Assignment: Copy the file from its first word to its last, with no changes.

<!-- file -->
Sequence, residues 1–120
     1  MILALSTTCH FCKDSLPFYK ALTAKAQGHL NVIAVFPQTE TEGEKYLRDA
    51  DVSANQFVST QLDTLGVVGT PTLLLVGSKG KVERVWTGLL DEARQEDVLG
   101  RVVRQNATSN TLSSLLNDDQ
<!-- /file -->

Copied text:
Sequence, residues 1–120
     1  MILALSTTCH FCKDSLPFYK ALTAKAQGHL NVIAVFPQTE TEGEKYLRDA
    51  DVSANQFVST QLDTLGVVGT PTLLLVGSKG KVERVWTGLL DEARQEDVLG
   101  RVVRQNATSN TLSSLLNDDQ